While soundbars are great all-in-one audio devices, there are some situations where you would want to use them simultaneously with other speakers.
Maybe you want to use directional speakers to enhance the 3D audio experience. Whatever the case may be, there are a few ways to use your soundbar with other speakers, which we’ll discuss in this article.
Can You Use a Soundbar with Other Speakers?
Yes. You can use a soundbar with other speakers but the exact steps will vary depending on a number of factors, such as your soundbar model, your external speakers, the output device’s connectors, and others.
In short, it’s possible to use a soundbar with other speakers but it’s a little complicated. In this article, I’ll walk you through some of the most common and easier ways to use a soundbar with other speakers.
There are a couple of pointers you need to keep in mind.
For starters, soundbars rarely support audio output, they’re mostly input devices, which means you can’t directly connect other speakers to soundbars.
Having said that, if you’re experienced with electronics, it may be possible to rewire and configure the internal circuitry of your soundbar to create an output signal. But that solution is a bit complicated.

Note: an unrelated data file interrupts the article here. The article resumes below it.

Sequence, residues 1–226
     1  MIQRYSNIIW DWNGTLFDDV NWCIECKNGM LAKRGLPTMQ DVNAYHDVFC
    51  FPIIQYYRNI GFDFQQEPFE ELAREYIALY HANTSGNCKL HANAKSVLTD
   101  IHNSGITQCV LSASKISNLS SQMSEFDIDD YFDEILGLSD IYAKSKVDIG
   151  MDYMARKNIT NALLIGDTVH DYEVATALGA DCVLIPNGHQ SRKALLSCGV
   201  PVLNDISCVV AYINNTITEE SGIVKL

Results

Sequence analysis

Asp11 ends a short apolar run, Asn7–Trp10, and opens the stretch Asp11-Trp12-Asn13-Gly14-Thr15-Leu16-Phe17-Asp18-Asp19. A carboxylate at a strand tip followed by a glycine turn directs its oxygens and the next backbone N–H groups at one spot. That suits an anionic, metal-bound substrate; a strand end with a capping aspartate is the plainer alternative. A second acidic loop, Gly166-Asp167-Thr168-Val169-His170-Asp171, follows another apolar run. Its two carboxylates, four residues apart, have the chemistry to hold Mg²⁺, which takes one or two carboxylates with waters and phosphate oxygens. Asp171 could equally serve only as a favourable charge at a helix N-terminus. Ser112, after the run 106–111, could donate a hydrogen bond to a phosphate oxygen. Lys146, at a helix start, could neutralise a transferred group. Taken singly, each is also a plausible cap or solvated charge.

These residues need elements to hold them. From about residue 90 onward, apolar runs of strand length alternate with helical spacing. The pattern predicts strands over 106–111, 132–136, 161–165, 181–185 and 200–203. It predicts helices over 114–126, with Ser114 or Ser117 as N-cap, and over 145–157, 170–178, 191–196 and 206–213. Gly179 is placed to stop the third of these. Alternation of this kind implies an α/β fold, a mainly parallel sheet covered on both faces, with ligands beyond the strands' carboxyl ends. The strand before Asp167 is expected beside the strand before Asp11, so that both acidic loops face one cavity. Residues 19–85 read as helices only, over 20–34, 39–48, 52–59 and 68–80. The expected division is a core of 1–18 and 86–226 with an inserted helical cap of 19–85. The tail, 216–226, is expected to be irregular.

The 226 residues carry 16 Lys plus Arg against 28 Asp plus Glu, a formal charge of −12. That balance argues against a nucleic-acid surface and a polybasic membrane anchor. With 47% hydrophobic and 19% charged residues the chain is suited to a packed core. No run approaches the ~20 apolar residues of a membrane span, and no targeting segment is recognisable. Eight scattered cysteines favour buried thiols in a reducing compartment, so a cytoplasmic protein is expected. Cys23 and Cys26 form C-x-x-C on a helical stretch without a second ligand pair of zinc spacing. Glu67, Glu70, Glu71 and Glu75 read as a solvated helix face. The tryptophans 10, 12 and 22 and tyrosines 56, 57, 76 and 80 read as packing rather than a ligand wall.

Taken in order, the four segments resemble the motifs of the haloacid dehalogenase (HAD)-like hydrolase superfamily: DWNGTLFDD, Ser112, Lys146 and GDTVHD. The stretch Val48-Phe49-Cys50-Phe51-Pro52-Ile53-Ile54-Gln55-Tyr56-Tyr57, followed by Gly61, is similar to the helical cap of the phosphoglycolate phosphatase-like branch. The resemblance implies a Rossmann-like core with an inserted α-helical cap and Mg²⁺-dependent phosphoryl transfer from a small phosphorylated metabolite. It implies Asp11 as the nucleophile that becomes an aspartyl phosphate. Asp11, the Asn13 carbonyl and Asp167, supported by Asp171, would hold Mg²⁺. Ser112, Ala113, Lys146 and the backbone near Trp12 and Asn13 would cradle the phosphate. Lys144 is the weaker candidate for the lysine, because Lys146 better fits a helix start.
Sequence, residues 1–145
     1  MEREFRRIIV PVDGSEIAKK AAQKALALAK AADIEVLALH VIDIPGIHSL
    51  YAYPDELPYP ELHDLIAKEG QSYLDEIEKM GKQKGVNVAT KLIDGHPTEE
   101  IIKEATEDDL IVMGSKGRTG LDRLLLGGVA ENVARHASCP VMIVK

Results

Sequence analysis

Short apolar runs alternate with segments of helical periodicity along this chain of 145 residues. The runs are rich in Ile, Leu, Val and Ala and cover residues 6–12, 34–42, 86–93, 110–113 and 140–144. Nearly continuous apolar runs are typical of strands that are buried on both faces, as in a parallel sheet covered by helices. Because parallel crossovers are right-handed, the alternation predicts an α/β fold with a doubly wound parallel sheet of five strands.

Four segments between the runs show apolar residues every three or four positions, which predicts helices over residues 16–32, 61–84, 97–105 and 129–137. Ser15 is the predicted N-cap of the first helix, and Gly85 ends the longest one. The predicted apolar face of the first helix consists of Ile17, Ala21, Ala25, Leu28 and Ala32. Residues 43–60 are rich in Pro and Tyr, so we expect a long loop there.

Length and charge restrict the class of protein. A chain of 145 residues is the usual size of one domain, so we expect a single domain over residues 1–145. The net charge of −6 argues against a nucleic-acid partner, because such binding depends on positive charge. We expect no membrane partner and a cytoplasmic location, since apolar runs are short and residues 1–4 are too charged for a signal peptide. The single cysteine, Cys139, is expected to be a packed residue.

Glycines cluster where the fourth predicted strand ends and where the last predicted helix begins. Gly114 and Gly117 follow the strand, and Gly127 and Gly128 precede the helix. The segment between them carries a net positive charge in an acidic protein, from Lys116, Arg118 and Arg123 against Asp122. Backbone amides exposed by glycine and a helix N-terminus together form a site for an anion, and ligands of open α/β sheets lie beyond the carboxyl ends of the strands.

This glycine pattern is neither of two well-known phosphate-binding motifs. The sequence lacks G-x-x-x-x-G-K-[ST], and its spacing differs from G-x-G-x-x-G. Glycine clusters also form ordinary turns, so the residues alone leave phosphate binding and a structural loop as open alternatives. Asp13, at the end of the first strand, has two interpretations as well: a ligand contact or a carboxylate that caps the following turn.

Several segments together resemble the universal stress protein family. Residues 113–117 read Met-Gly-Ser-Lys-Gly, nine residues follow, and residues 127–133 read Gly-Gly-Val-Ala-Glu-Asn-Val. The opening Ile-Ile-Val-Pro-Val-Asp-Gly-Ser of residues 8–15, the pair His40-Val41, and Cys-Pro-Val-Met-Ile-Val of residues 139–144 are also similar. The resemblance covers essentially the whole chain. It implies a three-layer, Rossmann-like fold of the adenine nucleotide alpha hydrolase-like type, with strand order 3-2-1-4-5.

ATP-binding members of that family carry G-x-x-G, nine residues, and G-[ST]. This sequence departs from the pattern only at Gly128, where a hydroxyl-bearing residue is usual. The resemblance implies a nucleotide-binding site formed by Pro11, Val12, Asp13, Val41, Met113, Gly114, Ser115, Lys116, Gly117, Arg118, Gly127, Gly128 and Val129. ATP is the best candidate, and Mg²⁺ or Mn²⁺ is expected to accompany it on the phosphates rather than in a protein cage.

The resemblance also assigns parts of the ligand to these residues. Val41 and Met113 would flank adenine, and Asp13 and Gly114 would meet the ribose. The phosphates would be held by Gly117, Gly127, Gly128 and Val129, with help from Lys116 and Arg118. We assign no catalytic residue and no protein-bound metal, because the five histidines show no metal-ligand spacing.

Secondly, one way to use a soundbar with other speakers is to connect an optical cable splitter to your audio output device, and then run two optical cables from that splitter to both your soundbar and external speakers.
The problem with that solution is the two audio devices won’t really be in sync and the audio quality from each will be a little different which could result in strange-sounding audio.
The audio also won’t mix well, unless you have a stereo mixer or 5.1 channel audio receiver with outputs for multiple channels. The audio also might only come from two speakers.
For those reasons, after a lot of research, I feel that using a soundbar with other speakers is not a practical idea. It requires too many adapters, cables, and other devices.
Can You Make a 2.1 Soundbar into a 5.1?
While technically you can’t change a 2.1 soundbar into 5.1 because that requires different hardware, it’s possible to add more speakers to a soundbar. The downside is the audio quality won’t mix well, and you’ll have a lot of wires to deal with.
Most soundbars use a 2.1 (left, right, center) audio channel and use audio-tricks to simulate surround sound. Changing a 2.1 soundbar to 5.1 is rather complicated and not something I recommend because the price for the additional components, cables, and adapters, is much more than just buying a surround sound system.
Having said that, there are a few ways to add additional rear speakers to your soundbar. With these methods, you won’t be getting that true surround-sound experience, but it will be close enough.
If you’re looking to add surround sound speakers to your soundbar, such as rear speakers, here are some solutions.
1 – Use Officially Supported Surround Sound Speakers
Certain soundbars are compatible with very specific surround sound speakers, usually made by the same manufacturer.